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Hilchos Krias Shema She’al Hamitah Before one goes to sleep at night one must say Krias Shema, the beracha of Hamapil, and other pesukim and teffilos. Kerias Shema Sheal Hamita:[1]. On Motzei Shabbos, Tachanun is omitted from Kerias Shema Sheal Hamita[2] when reciting it prior to midnight. Kriat Shema Edut Hmizrach Tri-Fold. $ Kriat Shema Sheal Hamita – Nightly Krias Shema – One Sheet. $ Birkat Hamazon & Krias Shma Nusach Ari.

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Shema Yisrael or Sh’ma Yisrael ; Hebrew: The first verse encapsulates the monotheistic essence of Judaism: Observant Jews consider the Shema to be the most important part of the prayer service in Judaism, and its twice-daily recitation as a mitzvah religious commandment.

It is traditional for Jews to say the Shema as their last wordsand for parents to teach their children to say it before they go to sleep at night. The term “Shema” is used by extension to refer to the whole part of the daily prayers that commences with Shema Yisrael and comprises Deuteronomy 6: These sections of the Torah are read in the weekly Torah portions Va’etchananEikevand Shlachrespectively.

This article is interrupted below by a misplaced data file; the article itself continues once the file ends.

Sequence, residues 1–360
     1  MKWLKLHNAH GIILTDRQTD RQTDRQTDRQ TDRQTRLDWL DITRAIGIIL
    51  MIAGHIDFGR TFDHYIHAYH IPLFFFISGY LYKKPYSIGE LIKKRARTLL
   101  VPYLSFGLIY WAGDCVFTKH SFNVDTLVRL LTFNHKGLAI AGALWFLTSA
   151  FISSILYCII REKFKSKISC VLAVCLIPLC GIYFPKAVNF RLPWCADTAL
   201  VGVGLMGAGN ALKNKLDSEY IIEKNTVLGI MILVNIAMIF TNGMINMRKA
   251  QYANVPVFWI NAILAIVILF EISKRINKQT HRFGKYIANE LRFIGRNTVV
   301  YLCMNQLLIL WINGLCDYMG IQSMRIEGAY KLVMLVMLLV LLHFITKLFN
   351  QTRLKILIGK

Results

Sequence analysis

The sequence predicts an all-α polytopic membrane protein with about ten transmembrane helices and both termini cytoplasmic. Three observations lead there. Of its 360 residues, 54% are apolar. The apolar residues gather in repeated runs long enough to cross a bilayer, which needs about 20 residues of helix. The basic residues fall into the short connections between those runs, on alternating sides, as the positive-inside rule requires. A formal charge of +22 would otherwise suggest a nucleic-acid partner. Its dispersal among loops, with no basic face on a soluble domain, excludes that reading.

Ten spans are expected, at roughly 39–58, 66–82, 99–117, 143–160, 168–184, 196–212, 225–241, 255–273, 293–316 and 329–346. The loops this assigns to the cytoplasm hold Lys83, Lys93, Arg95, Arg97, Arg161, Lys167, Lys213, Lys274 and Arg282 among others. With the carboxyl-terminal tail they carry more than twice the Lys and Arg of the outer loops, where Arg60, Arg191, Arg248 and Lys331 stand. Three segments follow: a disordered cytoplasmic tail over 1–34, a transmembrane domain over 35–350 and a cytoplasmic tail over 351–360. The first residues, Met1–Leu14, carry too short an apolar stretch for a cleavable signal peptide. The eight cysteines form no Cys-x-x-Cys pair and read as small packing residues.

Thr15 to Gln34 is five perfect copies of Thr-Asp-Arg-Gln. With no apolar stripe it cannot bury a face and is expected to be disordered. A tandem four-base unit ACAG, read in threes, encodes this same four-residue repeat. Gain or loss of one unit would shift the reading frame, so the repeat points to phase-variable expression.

Originally, the Shema consisted of only one verse: The recitation of the Shema in the liturgy, however, consists of three portions: The three portions are already mentioned in the Mishnah Berachot 2: The three portions relate to central issues of Jewish belief. In the Mishnah Berakhot 2: Literally, reciting the shema was stated as “receiving the kingdom of heaven.

The best texts of the Mishnah, Kaufmann and Parma, do not have the addition “yoke” that is found in later printed Mishnahs: Additionally, the Talmud points out that subtle references to the Ten Commandments can be found in the three portions.

As the Ten Commandments were removed from daily prayer in the Mishnaic period 70— CEthe Shema is seen as an opportunity to commemorate the Ten Commandments. In Hebrew this means “witness”.

The idea thus conveyed is that through the recitation or proclamation of the Shema one is a living witness testifying to the truth of its message.